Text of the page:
Larry Ellison finally got his man: Larry Ellison.
Oracle said Thursday it struck a deal to buy financial-software firm NetSuite in the second self-dealing acquisition of the summer. First we had Elon Musk’s Tesla trying to buy SolarCity, another company in which Musk owns a minority position. Oracle is essentially in the grasp of Ellison, the founder who holds a 27% stake in the company. Ellison also owns 40% of NetSuite’s stock.
For the acquisition to go through, a majority of shareholders not named Ellison or affiliated with NetSuite’s bosses have to vote in favor of the purchase. That offers a modicum of protection for NetSuite shareholders, who might understandably worry that they’re not getting a fair price when Ellison is buying a company from Ellison.
Unlike the attempted Tesla-SolarCity combination, a deal between Oracle and NetSuite actually makes strategic sense. People in the tech industry have forever believed Oracle would eventually buy NetSuite. The speculation has heated up recently as Oracle has pushed further into NetSuite’s territory of software that runs companies’ essential financial activities, ranging from managing inventory and paying suppliers to keeping the accounting books.
The question is, Why is Oracle making its play for NetSuite now? The trigger may have been that NetSuite became just cheap enough, sort of, to check the box for financial soundness. In this still-heated M&A environment, the math only needs to vaguely work, and it’s transcended by an urgency to buy growth. Like many software stocks, NetSuite hit a peak in 2014 and approached that level again in 2015, then sold off early this year. In February, the company was valued at a mere 5.6 times revenue, its lowest multiple since mid-2010.
Oracle also may have capitalized on a moment of leverage over a long-sought-after acquisition target. It’s not a 50% stock drop that makes boards consider a sale, but the scare followed by a share recovery that makes a takeover premium start to look palatable. At $109 a share, Oracle is paying 38% more than NetSuite’s average closing price in the 20 trading sessions through Wednesday.
Make no mistake, though: Ellison didn’t sell NetSuite to himself on the cheap. For one, NetSuite is nowhere near profitable. (Although adding back non-cash expenses such as stock-based compensation reveals a cash-flow-positive company.) Yes, Oracle co-CEO Safra Catz said the acquisition will be “immediately accretive to Oracle’s earnings,” but that’s on a — wait for it — “non-GAAP basis.” Hopefully, this isn’t the start of a trend where companies claim non-GAAP merger accretion is a thing.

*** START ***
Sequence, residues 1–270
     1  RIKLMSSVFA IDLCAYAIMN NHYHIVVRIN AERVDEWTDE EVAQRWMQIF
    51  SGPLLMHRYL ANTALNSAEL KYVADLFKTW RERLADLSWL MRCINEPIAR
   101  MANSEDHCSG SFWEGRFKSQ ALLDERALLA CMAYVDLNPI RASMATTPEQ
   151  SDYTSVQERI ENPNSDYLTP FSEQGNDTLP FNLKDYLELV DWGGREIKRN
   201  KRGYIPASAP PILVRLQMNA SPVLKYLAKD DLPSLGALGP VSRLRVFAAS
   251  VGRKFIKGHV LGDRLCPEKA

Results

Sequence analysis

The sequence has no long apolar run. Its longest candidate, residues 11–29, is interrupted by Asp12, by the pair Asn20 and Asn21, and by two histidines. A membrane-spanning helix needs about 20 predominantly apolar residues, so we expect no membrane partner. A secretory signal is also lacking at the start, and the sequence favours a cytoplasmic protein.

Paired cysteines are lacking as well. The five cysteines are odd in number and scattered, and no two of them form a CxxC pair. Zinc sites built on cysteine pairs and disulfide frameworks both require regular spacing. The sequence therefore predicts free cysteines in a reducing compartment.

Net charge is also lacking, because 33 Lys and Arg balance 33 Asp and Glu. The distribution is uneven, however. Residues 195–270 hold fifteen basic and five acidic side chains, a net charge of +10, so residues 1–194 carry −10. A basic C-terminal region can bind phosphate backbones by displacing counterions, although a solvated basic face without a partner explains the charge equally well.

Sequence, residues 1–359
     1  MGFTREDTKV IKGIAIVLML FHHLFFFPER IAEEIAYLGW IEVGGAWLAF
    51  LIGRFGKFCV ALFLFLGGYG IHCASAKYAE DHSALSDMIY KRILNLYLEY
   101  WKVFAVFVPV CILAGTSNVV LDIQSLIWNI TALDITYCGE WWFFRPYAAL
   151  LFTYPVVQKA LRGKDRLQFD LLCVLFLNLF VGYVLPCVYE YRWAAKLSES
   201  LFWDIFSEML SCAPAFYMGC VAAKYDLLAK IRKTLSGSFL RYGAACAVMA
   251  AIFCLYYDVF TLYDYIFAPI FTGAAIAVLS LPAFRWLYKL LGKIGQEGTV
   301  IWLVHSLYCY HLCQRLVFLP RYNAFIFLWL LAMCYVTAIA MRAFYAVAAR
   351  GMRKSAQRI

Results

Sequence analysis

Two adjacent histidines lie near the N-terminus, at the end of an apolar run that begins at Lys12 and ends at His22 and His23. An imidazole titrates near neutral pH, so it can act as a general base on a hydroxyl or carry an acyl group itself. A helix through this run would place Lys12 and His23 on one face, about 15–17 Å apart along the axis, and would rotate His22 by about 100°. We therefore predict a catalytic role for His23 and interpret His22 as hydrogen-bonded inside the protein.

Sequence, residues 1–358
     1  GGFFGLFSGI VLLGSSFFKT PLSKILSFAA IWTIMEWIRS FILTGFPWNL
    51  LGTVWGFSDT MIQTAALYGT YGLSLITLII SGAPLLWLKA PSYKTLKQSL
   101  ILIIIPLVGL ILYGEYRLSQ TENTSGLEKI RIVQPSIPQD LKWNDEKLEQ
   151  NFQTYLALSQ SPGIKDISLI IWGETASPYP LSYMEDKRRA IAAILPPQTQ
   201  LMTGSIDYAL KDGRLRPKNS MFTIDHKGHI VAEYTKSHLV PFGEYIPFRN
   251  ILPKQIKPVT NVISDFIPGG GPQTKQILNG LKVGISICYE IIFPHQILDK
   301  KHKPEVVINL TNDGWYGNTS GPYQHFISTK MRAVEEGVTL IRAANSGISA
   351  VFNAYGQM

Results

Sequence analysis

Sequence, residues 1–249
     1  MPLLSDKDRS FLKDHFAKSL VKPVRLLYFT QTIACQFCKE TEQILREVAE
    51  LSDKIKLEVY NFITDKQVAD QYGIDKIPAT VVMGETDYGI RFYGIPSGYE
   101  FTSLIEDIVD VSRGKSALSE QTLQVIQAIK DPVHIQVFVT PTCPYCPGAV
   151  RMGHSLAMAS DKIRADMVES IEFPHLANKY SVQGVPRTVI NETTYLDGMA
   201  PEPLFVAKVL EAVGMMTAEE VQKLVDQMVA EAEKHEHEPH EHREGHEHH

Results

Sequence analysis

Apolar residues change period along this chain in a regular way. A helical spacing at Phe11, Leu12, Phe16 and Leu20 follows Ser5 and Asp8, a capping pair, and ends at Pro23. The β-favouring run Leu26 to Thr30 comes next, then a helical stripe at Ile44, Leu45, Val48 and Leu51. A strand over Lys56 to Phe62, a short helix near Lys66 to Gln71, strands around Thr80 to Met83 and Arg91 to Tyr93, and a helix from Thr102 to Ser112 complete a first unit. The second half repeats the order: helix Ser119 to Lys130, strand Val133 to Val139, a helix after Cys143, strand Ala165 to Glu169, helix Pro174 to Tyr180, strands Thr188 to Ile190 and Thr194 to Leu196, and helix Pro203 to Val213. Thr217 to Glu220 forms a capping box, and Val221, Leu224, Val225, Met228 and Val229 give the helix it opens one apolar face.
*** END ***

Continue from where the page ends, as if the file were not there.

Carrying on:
Looking at the deal on a revenue basis, it ranks among the most expensive software takeovers of the past few years, with a whopping multiple of 11. But even at that rich valuation, NetSuite — like Microsoft’s deal for LinkedIn and Salesforce’s purchase of Demandware — is agreeing to sell for less than its peak share price of $120.
It’s growing increasingly clear from the run of technology takeovers of late that we’re reaching the end of viability for many independent business software companies. We’re in a period where tech companies that try to do one thing and do it well — systems for digital-file storage, financial technology like NetSuite’s, software for the utility industry — are on the wrong ends of technology buyers’ preference for one-stop technology operations like Microsoft, Oracle and Cisco. Those titans can sell a company nearly everything it needs, including computer software, telephone systems, technology to manage the books and systems to manage deliveries to retailers.
Just look at the capitulation of independent software firms in the last few months that made the tech superpowers even more formidable. Microsoft bought LinkedIn to broaden the appeal of Microsoft Office to businesses. Salesforce purchased e-commerce specialist Demandware to spread itself into a fertile area of business technology. Oracle bought two industry software specialists in Textura and oPower that likewise may have rethought whether they could continue on their own. In technology, the big are getting bigger, and the little guy may have no choice but to surrender or risk losing out.
By Shira Ovide and Tara Lachapelle